Not actually strawberries but the fruits of the strawberry tree, which is not the same thing.
They aren’t especially nice to eat.
But I’m still very glad that our strawberry tree has brought some fruit to full ripeness for the first time.
This is piece of the ‘rocciata’ which our neighbour gave us.
Here I’ve served it with custard.
Rocciata is a delicious treat typical of All Hallows and All Saints.
I would never have imagined grapes could be so many colours.
Some of the ones we’ve used aren’t ripe, which means they’ve started off green or pinkish, but then the heating brings out a whole range of additional shades.
It’s like a pirates’ chest of jewels.
This basket represents the last of the pears.
They’re extremely heavy – I could scarcely carry them.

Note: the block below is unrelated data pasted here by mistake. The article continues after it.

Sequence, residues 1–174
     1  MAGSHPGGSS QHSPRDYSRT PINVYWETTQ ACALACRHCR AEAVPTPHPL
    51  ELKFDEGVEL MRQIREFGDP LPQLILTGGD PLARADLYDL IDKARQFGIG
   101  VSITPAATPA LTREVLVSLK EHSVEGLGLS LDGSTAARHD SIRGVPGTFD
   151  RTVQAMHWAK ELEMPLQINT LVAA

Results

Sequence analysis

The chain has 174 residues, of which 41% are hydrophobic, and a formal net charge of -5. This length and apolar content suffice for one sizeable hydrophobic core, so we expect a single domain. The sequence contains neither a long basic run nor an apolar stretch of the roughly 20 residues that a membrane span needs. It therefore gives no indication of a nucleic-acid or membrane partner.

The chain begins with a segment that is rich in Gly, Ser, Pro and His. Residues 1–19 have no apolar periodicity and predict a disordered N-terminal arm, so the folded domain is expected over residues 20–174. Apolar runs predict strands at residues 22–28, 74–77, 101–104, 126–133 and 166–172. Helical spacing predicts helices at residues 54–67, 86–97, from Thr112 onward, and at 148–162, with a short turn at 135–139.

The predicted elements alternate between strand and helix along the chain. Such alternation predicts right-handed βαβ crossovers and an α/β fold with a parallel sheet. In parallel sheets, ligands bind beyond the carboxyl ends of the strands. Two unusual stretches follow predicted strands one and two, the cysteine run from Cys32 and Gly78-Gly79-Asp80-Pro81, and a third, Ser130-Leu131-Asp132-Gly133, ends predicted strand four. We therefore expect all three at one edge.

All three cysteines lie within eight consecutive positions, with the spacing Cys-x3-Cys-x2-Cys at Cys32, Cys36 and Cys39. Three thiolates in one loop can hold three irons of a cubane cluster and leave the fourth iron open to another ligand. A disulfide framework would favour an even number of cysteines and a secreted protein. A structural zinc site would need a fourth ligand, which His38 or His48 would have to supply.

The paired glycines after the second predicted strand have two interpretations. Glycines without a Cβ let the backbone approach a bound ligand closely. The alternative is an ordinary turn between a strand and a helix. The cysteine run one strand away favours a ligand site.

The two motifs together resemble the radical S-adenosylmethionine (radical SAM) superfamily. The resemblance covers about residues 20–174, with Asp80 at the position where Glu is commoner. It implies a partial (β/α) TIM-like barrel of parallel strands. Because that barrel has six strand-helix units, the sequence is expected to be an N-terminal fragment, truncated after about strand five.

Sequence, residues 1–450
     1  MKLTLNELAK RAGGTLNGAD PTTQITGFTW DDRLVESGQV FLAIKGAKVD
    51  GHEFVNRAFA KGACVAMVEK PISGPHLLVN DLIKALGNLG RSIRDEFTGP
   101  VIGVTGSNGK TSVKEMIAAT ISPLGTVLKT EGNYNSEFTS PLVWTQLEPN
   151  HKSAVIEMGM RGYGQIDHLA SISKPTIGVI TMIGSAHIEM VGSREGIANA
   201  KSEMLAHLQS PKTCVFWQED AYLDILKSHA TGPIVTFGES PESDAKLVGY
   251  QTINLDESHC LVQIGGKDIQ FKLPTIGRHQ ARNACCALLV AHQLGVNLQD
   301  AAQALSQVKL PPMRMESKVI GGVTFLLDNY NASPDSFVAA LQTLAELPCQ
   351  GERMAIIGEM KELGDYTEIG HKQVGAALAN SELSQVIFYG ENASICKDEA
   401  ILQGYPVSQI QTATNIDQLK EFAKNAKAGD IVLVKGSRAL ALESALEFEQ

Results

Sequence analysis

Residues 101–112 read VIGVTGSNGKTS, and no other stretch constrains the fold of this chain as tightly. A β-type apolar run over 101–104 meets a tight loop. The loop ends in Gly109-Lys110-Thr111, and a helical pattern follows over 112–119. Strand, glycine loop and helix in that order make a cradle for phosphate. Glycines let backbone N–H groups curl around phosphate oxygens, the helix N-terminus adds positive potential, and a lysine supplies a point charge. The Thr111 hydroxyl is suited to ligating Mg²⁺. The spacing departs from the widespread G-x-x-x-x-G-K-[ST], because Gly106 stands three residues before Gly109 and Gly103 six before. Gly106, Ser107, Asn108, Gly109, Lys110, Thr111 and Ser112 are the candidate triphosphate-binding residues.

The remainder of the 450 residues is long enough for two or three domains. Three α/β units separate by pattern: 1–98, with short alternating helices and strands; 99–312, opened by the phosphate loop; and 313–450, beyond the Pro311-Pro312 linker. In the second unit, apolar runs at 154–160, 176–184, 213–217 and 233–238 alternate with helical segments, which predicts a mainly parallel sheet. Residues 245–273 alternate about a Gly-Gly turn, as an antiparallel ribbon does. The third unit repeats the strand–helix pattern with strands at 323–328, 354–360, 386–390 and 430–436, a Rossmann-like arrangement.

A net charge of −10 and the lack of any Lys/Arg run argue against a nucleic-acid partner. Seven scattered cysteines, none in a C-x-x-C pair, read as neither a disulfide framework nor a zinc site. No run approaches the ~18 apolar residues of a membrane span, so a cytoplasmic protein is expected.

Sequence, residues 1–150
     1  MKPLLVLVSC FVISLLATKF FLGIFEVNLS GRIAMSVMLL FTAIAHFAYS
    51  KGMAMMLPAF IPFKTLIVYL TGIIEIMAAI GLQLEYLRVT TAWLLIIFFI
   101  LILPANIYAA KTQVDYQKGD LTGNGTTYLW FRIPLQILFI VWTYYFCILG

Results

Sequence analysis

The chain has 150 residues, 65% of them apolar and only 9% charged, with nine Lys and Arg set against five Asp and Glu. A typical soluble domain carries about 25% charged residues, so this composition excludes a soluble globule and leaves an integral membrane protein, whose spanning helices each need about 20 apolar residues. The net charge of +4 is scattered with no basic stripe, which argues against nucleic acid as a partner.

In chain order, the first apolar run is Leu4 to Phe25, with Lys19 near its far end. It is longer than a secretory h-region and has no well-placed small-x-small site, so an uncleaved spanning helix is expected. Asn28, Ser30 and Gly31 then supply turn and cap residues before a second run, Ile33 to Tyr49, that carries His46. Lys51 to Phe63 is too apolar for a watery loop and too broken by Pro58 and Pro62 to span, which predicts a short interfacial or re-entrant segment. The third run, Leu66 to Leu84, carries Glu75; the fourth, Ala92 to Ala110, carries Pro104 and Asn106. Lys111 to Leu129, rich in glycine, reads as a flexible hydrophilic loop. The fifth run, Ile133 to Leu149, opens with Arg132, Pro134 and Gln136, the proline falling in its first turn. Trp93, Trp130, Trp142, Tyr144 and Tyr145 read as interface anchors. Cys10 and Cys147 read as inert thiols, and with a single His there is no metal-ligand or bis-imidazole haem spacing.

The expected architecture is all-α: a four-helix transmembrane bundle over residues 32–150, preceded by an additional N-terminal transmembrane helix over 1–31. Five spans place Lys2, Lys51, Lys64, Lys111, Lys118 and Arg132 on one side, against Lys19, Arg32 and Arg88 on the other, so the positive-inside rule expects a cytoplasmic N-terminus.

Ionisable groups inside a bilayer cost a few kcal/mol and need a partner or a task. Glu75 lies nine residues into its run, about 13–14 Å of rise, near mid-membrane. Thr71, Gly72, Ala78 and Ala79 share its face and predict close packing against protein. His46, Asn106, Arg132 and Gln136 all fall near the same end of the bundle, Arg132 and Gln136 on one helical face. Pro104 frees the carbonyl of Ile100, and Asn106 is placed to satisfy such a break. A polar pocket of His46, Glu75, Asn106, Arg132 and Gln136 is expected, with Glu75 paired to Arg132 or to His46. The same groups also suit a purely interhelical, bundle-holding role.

Last night we stewed pears and used up almost all the rest of our containers putting them to freeze so goodness knows what we’ll do with this lot.
But stewed pears are definitely the best.
This is the second pan of grapes being heated in order to make juice.
We then freeze the pure, antioxidant-rich juice to have in the winter as a real treat.
These will be the main ingredients for our stewed fruit, along with the odd few apples and early pears.
Mixing fruit like this means we take everything in, but it’s a challenge coming up with a half-way accurate (and brief) label!
This prolific apple tree makes an attractive background to our double-headed lantern.
It’s a show rather than eat tree because its apples aren’t at all nice (and we have plenty that are).
In fact it’s rather hazardous because the fallen apples turn up everywhere and skid under the feet like ball bearings.